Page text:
So sometimes I find, though I'm thought to be articulate and even glib, that I can't say anything. That happened to me at the end of Jump Ship Midway, the paean to darling gay boys which Kegan Marling put on at Counterpulse last Friday, which left me so stunned I couldn't speak, which enraged my gay-friendly best friend (who'd been shaken up herself in her own way), who abandoned me and left me to wonder through the next piece if she'd made it safely home.

The house had been set up like a nightclub – platforms in the audience where a go-go boy might dance or do a monologue while another worked the staircase. The four guys were divided into "serious" modern dancers (Marling himself and the genius Nol Simonse) and silly boys James Graham and Mica Sigourney (a.k.a. VivvyAnne ForerevMore), with Marling crossing over at times into cuteness.

When performers cross the proscenium, as performance artists love to do (who was that guy in New York who'd try to drown himself in a tub until an audience member intervened?), it's dangerous; their function as artists is to stimulate our imaginations, but when one of them sits down in the empty seat next to you (as happened to Yours Truly) and tells you about the time in his life when he slept on the sidewalk with his drug-addict friend to keep the friend's shoes from being stolen, as if he's having a conversation with you during the show and must violate the fourth-wall convention to share this, and when asked says yes, he's not making this up, it can make you crazy for a while. At least, it did me.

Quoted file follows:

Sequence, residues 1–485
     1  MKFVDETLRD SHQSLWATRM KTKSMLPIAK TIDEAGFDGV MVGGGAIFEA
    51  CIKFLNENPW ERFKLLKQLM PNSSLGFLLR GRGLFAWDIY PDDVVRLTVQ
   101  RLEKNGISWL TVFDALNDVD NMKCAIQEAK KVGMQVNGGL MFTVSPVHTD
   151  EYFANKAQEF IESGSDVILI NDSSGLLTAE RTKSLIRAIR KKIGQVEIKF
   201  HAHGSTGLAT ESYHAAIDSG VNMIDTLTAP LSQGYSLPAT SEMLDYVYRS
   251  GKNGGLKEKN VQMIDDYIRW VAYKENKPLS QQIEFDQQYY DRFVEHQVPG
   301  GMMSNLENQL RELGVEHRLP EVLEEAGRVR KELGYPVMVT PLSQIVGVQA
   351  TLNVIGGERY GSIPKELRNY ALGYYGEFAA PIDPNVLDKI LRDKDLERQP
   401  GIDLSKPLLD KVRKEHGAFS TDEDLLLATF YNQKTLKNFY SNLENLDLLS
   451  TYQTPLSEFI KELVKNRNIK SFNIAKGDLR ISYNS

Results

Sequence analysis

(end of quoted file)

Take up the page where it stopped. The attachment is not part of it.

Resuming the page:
On reflection, I had misbehaved unpardonably to my friend, who is not returning calls or answering e-mails. But the incident points up how hard it still is for me and many queers of my generation – actually, most of my generation died in the 80s of AIDS – to deal with the fear of being disowned. Would I prefer my mother's curse, or to hang out with those cute gay boys, if they would have me?